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Sunday, July 10, 2005

The Blogger Era is Over

Today it's official, The Limburg Letter has outgrown its Blogger roots and will now be hosted exclusively on http://www.brashlimburg.com . Click the link now for more news about the move.

Friday, July 08, 2005

Now They've Crossed the Line

It's one thing to insult me (that rolls right off), it's another thing to insult my mother (I have to take a few deep breaths), but when you go after Brit Hume, well, now we're gonna have words. Watching Brit eviscerate Juan Williams each week on Fox News Sunday is the only thing that gets Ms. Limburg and I out of bed. He's my personal Mr. Miyagi of politics, and so now I must defend his honor with a rhetorical crane kick.

The pundit on the receiving end is one David Sirota, a blogger for The Huffington Post (read by over 2 dozen!). Yesterday night he wrote a post with the catchy title "Brit Hume Goes on TV and Says He Wants to Profit Off the Terrorist Attacks". How pithy...

In his post, he takes out of context an exchange between Shepard Smith and Brit Hume concerning how the attacks will affect the stock market. Essentially Shep says "Hmmm, the market didn't drop in the US, what do you think?" and Brit replies "Well, personally, when I heard there was an attack and saw the futures were down I thought I should buy." Oh sin of sins! Brit actually admitted that he plans to buy low and sell high! Furthermore, he advocates "buying into terrorism" instead of panicking, selling all his stock, and demanding all the troops leave Iraq! Scandalous.

Mr. Sirota uses this as a basis to claim that Brit's "impulse to use the bloodshed to make himself money was so intense, he actually voiced it on national television" and that it "gave us a glimpse into just how cynical, greedy and disgusting the right-wing's outlook on the world is."

I'll let you make that judgment for yourself dear readers. Personally I think a comment(which was presumably screened by a Huffingon Post moderator) posted by "caiser" illustrates that the Left are the true purveyors of cynicism and ugliness :
"Wondering if Brit turned a tidy profit when his son committed suicide with a bullet to the brain? Might want to ask him."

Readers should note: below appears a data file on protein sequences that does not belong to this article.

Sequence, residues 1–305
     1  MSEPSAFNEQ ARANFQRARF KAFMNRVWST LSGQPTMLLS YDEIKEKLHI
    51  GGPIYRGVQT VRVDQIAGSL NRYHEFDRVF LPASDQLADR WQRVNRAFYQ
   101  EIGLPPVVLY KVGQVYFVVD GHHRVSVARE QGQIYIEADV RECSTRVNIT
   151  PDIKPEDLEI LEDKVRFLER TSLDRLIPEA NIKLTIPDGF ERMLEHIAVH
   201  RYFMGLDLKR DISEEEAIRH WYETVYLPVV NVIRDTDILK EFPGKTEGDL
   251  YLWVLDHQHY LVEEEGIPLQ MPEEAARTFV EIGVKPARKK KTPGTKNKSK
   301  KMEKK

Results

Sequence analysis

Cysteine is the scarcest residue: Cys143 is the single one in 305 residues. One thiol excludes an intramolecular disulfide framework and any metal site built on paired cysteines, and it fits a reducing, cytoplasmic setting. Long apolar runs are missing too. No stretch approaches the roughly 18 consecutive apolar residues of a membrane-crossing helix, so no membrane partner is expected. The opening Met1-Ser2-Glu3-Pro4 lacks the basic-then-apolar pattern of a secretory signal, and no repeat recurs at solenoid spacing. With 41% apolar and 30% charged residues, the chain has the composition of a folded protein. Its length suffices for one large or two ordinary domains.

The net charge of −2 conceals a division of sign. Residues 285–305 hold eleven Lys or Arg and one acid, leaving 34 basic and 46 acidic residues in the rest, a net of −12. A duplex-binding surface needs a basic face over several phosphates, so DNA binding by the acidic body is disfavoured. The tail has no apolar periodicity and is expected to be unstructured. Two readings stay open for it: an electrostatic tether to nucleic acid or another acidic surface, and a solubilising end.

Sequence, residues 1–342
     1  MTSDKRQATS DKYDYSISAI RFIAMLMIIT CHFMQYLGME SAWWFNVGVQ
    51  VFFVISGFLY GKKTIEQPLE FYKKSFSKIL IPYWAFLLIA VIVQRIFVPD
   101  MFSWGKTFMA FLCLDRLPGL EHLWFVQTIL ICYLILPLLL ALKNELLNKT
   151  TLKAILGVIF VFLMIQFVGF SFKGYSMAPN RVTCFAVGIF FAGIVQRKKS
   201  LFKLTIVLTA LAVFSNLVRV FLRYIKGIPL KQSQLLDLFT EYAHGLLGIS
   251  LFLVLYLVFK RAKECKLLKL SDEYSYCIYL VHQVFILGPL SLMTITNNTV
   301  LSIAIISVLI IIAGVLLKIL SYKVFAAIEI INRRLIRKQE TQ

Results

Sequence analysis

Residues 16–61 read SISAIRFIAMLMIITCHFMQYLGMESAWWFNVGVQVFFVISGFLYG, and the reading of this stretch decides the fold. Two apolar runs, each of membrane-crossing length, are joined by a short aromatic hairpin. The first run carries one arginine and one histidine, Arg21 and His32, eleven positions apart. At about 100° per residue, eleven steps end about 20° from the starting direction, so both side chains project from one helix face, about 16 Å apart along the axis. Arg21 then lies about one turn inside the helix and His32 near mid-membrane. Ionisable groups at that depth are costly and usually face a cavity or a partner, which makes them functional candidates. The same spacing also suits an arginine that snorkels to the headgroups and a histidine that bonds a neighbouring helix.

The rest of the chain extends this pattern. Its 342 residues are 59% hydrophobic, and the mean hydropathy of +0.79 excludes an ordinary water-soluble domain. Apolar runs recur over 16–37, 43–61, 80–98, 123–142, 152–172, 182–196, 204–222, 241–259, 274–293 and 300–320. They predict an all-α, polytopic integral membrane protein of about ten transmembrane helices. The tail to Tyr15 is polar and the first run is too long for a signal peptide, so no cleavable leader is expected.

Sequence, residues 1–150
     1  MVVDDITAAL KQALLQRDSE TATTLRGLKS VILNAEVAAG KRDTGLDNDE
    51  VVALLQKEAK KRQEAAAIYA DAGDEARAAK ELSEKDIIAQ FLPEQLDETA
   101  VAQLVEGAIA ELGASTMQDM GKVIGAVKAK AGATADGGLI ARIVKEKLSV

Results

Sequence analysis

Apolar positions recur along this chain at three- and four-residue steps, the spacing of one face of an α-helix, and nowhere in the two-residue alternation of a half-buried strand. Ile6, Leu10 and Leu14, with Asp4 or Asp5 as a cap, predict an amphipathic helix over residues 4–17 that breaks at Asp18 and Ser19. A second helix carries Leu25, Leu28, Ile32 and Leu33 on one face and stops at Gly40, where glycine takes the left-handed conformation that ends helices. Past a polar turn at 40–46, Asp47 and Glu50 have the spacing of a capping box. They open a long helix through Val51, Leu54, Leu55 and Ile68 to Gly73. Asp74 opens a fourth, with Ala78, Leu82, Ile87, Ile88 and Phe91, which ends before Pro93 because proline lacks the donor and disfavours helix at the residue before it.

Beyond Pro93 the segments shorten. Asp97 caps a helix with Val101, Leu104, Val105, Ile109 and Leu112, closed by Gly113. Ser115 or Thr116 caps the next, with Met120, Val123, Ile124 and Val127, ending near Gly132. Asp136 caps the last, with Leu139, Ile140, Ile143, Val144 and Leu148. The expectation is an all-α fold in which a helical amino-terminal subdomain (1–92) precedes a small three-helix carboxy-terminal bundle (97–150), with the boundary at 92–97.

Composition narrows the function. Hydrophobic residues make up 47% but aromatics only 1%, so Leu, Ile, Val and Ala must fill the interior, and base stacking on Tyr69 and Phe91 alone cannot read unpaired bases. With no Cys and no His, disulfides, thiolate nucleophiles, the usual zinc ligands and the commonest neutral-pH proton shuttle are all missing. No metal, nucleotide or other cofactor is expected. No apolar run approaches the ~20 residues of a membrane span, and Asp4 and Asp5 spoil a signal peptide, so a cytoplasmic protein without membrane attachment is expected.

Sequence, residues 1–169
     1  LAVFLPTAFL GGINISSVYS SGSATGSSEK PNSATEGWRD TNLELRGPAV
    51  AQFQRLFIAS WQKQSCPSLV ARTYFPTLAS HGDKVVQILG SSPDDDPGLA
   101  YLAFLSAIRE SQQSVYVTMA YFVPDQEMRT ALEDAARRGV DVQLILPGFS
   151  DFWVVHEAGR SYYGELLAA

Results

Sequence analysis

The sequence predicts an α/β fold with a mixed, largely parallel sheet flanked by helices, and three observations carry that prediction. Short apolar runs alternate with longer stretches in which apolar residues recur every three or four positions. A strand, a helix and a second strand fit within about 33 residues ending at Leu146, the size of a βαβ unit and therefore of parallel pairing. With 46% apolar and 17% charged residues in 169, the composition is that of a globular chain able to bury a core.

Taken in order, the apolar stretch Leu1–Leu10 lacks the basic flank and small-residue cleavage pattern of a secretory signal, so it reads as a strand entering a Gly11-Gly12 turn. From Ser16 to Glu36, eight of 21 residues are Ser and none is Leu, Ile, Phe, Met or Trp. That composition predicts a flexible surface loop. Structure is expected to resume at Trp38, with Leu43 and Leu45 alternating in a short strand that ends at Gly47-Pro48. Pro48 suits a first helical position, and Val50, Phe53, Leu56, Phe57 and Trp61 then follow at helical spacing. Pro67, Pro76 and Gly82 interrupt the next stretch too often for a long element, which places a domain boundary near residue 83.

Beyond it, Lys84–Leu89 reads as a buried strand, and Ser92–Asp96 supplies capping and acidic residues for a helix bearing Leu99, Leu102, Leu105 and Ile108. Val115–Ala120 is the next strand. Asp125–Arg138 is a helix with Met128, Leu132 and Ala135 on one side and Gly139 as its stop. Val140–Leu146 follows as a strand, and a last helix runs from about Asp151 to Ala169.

Thursday, July 07, 2005

Get Angry

I woke up this morning to pictures of bloodied Londoners. America's greatest ally had been bruised, but not beaten. For all the destruction, there's very little panic; these are a people who saw their city leveled by Hitler's war machine, Al Qaeda will have to do worse to make them blink.

While England displays its strength and stoicism to the world, it's time for America to show its anger. No more guilt over detainees, no more hand-wringing over the cost of the war, and no more second guessing whether we're doing the right thing, because the terrorists don't.

While we bicker, they plan. While we can't even agree what we're fighting for, their intent is crystal clear; just read the statement of the group taking credit for the attack:
"Rejoice, Islamic nation. Rejoice, Arab world. The time has come for vengeance against the Zionist crusader government of Britain in response to the massacres Britain committed in Iraq and Afghanistan."
They don't separate Iraq and Afghanistan, they understand this war better than the majority of our own citizens.

We can no longer afford to be so naive. Our allies are paying the price today, but we remain in the crosshairs. "Never Again" was not just an empty catch phrase, it had a meaning that we've begun to forget. We need to remember, and get angry.

Wednesday, July 06, 2005

Greens Don't Want Progress, They Want Utopia

Unless it's breaking news I hate to do a repeat topic, but judging by yesterday's comments it needs to be done. The general response to my critique of the Kyoto treaty was "so long as it's doing something to help the environment, it's good (just don't ask me about the details)."

Just for laughs, let's work with that thesis.

You're George Bush. After a few too many drinks one night you accidentally sign the Kyoto treaty. Damn. Now you have to figure out a way to reduce greenhouse emissions while keeping energy production at the levels the economy requires. You call some granola-eating hippy into your office for advice. The solution? "Wind power man...it, like, harnesses the power of mother nature."

The obvious solution is to build an enormous windmill farm off the east coast that will provide the energy we need without harming the environment. Well...not so fast there Mr. Bush, because while residents on the east coast like green energy, they love their view, and sailing, and fishing, and....hell, this isn't going to work.